Making the front sight bolder, more noticeable, as Frank explains, that I get but you don't need a *night* sight for that, nor would it be particularly helpful since a night sight isn't really any more noticeable (maybe less) than a white dot/ring unless it's... night.

Last edited by Brian Pfleuger; March 26, 2014 at 09:10 AM.
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Old March 26, 2014, 11:57 AM   #18
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Quote:
It doesn't matter if you're staring at your sights for 5 minutes or 3 microseconds, if you have a sight "picture", you need both sights.
Yes but for most defensive range shooting it isn't required for the rear sight to be defined.
That's why/how the XS big dot system works so well for close range work.

You really don't need to pay any attention to sight picture at all out to 7 to 10 yards with my LCR just put the big dot COM
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Old March 26, 2014, 03:58 PM   #19
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My brother and I mutually acknowledge that I am a way better shot with a rifle, and that he routinely cleans my clock on timed, tactical pistol fire. He's an LE LT, highly respected in his dept for among other things, his shooting ability.

We have a dueling tree with 3 metal, 5 inch square flags per side. Shooting from 30 feet, using the XS sights on my Glock G19 I cleaned his clock repeatedly. It's anecdotal, I know, but for us it was highly instructive.
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Old March 26, 2014, 06:05 PM   #20
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This is exactly the sort of debate I was hoping would occur...

I'm hoping to stick with my original plan to try the front sight only for a bit, and if I find it ineffective for me, I'll buy the rear sights.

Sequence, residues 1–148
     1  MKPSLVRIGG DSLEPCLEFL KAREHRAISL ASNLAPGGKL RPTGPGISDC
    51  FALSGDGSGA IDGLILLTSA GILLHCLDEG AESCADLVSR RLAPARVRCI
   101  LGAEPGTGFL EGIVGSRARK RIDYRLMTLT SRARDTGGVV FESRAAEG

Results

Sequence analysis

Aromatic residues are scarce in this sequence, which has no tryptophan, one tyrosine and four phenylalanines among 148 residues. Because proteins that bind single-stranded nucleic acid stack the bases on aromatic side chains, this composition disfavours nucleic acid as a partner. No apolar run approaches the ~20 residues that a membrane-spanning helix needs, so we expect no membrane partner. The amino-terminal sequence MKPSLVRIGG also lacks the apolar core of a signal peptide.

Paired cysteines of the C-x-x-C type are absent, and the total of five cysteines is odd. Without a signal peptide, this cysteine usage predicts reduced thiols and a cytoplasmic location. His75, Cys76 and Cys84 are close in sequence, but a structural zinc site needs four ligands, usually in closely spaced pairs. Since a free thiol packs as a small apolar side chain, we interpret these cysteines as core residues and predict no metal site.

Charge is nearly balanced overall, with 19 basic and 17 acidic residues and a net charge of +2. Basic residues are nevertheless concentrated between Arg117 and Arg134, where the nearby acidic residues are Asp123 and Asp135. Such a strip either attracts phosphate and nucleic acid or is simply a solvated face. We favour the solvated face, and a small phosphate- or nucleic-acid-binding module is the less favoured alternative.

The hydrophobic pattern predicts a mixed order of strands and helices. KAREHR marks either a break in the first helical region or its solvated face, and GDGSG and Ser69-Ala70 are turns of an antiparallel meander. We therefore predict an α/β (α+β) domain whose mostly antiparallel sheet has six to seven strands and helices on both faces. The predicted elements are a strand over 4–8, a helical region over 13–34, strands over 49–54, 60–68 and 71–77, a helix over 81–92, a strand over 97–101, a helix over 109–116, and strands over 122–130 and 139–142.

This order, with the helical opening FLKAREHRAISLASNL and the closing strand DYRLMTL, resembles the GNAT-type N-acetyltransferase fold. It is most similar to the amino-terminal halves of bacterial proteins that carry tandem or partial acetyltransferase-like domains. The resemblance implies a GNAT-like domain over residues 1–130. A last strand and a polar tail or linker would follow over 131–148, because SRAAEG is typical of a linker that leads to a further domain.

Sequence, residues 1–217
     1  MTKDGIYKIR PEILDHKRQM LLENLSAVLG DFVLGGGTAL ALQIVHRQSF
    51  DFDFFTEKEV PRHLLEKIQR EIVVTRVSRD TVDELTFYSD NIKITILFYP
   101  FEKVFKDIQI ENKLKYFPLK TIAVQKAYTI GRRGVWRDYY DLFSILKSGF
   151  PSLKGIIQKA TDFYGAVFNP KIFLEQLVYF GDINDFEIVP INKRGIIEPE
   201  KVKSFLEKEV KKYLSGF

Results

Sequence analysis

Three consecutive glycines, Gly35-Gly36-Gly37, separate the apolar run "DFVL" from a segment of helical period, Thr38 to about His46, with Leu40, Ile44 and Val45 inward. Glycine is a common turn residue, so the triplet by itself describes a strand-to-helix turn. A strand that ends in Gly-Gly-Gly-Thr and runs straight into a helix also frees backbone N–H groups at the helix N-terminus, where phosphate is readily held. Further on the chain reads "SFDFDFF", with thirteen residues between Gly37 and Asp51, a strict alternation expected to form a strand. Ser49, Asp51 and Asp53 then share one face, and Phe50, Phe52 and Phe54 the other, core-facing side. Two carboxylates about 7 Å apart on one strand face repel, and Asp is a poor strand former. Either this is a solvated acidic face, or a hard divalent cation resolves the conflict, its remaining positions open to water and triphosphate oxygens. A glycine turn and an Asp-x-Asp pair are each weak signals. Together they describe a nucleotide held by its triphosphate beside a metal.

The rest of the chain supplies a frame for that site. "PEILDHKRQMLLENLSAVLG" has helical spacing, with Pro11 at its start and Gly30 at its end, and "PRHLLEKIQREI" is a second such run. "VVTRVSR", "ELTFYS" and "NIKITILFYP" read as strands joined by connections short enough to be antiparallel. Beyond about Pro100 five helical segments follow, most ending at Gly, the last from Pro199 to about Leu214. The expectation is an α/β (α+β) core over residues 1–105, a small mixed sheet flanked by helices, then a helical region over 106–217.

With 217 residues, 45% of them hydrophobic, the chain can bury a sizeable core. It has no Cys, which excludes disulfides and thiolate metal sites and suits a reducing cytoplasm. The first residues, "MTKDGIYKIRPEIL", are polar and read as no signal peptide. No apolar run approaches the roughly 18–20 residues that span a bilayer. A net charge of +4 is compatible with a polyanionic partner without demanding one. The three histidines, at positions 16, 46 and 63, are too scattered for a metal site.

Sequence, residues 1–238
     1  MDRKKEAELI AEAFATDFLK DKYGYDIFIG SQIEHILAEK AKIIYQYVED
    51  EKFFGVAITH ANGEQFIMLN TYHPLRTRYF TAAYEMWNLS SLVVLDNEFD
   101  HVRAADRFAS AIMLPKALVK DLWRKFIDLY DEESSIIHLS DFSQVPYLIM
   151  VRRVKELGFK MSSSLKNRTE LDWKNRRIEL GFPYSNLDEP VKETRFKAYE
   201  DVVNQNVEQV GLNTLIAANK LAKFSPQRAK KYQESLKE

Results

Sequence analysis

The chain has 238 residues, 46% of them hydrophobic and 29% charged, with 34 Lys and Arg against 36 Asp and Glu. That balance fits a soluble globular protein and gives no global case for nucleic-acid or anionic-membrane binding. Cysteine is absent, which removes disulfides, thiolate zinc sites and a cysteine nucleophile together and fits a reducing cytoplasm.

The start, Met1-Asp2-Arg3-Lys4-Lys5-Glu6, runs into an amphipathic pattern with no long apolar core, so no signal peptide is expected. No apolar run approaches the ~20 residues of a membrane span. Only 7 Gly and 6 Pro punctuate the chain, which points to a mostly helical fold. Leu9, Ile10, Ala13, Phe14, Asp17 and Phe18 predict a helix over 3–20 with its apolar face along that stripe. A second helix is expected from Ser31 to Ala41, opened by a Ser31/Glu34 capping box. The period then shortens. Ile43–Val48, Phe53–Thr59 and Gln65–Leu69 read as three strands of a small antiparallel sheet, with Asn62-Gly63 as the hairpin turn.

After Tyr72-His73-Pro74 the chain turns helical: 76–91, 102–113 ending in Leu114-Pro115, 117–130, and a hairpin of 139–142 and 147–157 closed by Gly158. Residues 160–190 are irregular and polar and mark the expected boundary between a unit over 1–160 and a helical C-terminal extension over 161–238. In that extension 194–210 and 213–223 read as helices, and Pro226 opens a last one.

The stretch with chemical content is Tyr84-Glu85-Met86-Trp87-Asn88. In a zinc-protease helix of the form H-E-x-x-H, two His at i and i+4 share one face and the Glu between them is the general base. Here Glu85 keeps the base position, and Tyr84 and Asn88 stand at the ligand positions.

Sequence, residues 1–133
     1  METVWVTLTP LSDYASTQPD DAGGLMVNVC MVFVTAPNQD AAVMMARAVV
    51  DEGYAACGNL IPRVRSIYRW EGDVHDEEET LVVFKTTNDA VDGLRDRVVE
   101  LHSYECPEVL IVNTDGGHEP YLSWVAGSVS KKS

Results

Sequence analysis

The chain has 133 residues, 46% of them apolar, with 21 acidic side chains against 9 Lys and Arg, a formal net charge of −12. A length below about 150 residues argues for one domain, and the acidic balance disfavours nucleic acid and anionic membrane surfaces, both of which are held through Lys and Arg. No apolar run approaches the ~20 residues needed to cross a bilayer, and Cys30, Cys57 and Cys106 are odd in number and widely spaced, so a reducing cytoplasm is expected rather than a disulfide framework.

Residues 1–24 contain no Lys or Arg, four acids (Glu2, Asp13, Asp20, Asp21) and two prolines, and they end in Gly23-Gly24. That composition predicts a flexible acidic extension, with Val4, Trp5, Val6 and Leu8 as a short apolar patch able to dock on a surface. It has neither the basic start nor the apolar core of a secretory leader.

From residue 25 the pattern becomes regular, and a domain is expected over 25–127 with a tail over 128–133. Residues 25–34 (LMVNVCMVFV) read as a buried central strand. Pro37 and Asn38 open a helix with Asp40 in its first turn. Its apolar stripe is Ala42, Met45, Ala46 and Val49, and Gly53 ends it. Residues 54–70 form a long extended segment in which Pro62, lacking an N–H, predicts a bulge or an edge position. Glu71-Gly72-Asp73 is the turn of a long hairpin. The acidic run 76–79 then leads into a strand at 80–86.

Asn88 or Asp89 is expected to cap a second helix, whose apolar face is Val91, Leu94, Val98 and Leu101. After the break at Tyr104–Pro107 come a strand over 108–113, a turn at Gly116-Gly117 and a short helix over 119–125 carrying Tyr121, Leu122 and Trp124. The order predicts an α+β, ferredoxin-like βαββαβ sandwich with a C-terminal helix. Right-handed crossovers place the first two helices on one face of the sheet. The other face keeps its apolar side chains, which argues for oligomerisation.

Of course this is dependent on the government paying me on time. We all know how well that works.
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Old March 27, 2014, 09:42 PM   #21
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Brian, front sight only is the only way I practice, point shooting. Not that I attempt much point shooing anyway. It's worked for me when I do attempt it; I get center of mass dinner plate sized groups at 25'.

Have you read Bill Jordan's book or anything by Jelly Brice? Both of them mention it in their writings.
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Old March 27, 2014, 11:11 PM   #22
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At least for me, a 3-dot system on a compact pistol is only fast if the front dot is either (1) far brighter than the rears or (2) a different color than the rears. I've shot a G26 with an all-green 3-dot setup, and I found I had to slow down in order to pick out which of the three green dots was the front sight, and make sure that dot was in the middle of the other two dots rather than to the side of them (which can happen). I think I would have been considerably faster using just the front sight only, and if you can see the target well enough to ID then you probably have enough light to silhouette the rears if you have a glowing dot up front.